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Austrian Villagers to Refugees: Please Don’t Fear Krampus

3440508_webThe integration of Syrian and Iraqi refugees is facing a terrifying challenge in rural Austria this holiday season.  Officials in the village of Virgen worried about how new arrivals from the Middle East would react to the local tradition of meeting so-called “Christmas Devils” who pretend to abduct kids.  “In the first week of December, the good, gift-bringing St. Nicholas wanders through the streets with his evil, scary companions called Krampus,” Kurt Glaenzer, the head of a local Krampus club, explained to NBC News. [2] Some of Virgen’s around 2,000 residents wear animal skins and don carved wooden masks on nights leading up to St. Nicholas Day on December 6. Loud bells tied to their costumes clank through the darkness of the night as the creepy creatures wander the streets searching for poorly behaved children.  “When the Krampus roams the town, he often wrestles people to the ground, symbolizing the abduction of bad children,” Glaenzer added.  [1][9] Krampus himself historically comes around the night of December 5, tagging along with St. Nicholas. He visits houses all night with his saintly pal. While St. Nick is on hand to put candy in the shoes of good kids and birch twigs in the shoes of the bad, Krampus’ particular specialty is punishing naughty children. Legend has it that throughout the Christmas season, misbehaved kids are beaten with birch branches or can disappear, stuffed into Krampus’ sack and hauled off to his lair to be tortured or eaten. [3] “The Krampus is the yin to St. Nick’s yang,” Seghers tells Smithsonian.com. “You have the saint, you have the devil. It taps into a subconscious macabre desire that a lot of people have that is the opposite of the saccharine Christmas a lot of us grew up with.”  In fact, Krampus’ roots have nothing to do with Christmas. [3] Instead, they date back to pre-Germanic paganism in the region. His name originates with the German krampen, which means “claw,” and tradition has it that he is the son of the Norse god of the underworld, Hel. During the 12th century, the Catholic Church attempted to banish Krampus celebrations because of his resemblance to the devil. More eradication attempts followed in 1934 at the hands of Austria’s conservative Christian Social Party. But none of it held, and Krampus emerged as a much-feared and beloved holiday force. [3]

Though the festival is well-loved, it gave rise to concerns that the new neighbors might be scared of the tradition and its nightmare-fueling costumes. Rather than cancelling the parade, town officials decided to educate the newcomers. [3] Fearing the spectacle would be misunderstood, community representatives last week visited the 22 migrants — including 12 children — who have been housed in the Alpine village since the end of October.  They were shown the frightening masks and given insight into the event’s history with the help of an Arabic translator. [1] The verdict? The newcomers had “lots of fun,” according to social worker Nicole Kranebitter.  The migrants “will now know what to expect when St. Nicholas and the Krampus creatures knock on their door,” Kranebitter added.  She said the next event planned for the families who fled war-torn homelands will be traditional cookie baking.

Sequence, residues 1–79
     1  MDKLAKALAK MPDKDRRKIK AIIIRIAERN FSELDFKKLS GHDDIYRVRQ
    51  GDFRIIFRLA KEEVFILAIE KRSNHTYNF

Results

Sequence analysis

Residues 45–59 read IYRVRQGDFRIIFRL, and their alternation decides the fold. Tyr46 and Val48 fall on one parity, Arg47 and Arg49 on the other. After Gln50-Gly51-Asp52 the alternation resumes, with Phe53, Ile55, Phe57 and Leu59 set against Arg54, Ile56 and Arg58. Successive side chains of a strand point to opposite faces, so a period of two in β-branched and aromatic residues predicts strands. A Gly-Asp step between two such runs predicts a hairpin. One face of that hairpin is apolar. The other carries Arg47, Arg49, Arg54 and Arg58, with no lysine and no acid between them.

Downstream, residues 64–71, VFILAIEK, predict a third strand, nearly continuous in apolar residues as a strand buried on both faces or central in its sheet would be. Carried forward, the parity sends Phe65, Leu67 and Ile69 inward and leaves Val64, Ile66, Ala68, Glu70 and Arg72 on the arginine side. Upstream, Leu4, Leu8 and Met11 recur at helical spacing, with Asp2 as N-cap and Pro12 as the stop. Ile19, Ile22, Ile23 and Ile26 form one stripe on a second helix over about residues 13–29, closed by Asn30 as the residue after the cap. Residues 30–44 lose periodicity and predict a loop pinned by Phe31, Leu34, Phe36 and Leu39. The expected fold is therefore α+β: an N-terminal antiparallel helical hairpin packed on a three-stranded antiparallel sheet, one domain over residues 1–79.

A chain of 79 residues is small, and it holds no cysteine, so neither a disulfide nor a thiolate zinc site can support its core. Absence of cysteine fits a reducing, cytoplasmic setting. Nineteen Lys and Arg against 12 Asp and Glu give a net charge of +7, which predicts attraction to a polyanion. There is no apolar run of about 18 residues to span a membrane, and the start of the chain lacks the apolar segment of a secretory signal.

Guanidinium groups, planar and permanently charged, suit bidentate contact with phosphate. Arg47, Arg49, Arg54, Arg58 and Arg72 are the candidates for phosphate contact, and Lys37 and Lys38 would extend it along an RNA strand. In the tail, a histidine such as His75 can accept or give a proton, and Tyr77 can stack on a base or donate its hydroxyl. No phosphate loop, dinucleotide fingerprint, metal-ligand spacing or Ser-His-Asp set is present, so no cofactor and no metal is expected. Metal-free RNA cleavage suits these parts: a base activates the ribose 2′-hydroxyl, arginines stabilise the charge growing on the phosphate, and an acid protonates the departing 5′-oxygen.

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The tradition—also known as the Krampuslauf, or Krampus Run—is having a resurgence throughout Austria, Germany, Slovenia, Hungary and the Czech Republic, and has gained recognition in the United States. [3] The creature has become so popular in recent times that he has a comic book series, parties of his own and even a new movie. After all, says Jeremy Seghers, organizer of a Krampusnacht festival being held for the first time in Orlando, Florida, why watch out when Santa Claus comes to town? “Because Krampus is coming to get you.” [3]

[2] Andy Eckardt, Austrian Villagers to Refugees: Please Don’t Fear Krampus, NBC News, Dec 1 2015, 9:53 am ET
[3] Jennifer Billock, The Origin of Krampus, Europe’s Evil Twist on Santa, Smithsonian.com, December 4, 2015
[4] Austrian village warns refugees about Krampus tradition. MSNBC, 12/3/15
[5] Rozina Sabur, Austrian town reassures asylum-seekers over unusual Christmas tradition, The Telegraph, 8:57PM GMT 30 Nov 2015
[6] Krampus Night – Introducing an Old Tradition to Refugee Families, Catherine Cavendish, Tuesday, 1 December 2015
[8] Asylum seekers face their fears with Krampus, TheLocal.at, 28 Nov 2015 12:28 GMT+01:00
[9] Austrian Villagers to Refugees: Please Don’t Fear Krampus, Red Ice Creations, 2015-12-02 6:30
[10] Syrian Refugees In Austria Embrace The Krampus, Viral Pirate, December 2, 2015


About Bill Wallace

Bill Wallace is a self-fashioned writter, a computer programmer and cybermarketer from Quebec City, Canada who decided to enter the political arena after his disillusionment with the socialist system under which he was living in the French Canadian province of Quebec.

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